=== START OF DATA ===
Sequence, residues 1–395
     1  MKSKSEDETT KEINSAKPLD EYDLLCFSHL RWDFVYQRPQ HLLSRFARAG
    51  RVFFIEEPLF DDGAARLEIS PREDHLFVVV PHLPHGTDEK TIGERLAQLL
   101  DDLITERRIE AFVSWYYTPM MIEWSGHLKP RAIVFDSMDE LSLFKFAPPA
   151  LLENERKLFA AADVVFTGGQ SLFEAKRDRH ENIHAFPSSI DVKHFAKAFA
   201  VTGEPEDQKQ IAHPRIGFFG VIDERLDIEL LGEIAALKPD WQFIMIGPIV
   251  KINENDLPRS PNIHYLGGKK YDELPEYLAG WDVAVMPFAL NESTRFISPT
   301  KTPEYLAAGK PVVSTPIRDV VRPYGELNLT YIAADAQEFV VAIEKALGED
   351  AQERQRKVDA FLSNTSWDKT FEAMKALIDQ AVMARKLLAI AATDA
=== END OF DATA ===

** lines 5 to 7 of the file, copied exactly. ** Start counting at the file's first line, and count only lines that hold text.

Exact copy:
   151  LLENERKLFA AADVVFTGGQ SLFEAKRDRH ENIHAFPSSI DVKHFAKAFA
   201  VTGEPEDQKQ IAHPRIGFFG VIDERLDIEL LGEIAALKPD WQFIMIGPIV
   251  KINENDLPRS PNIHYLGGKK YDELPEYLAG WDVAVMPFAL NESTRFISPT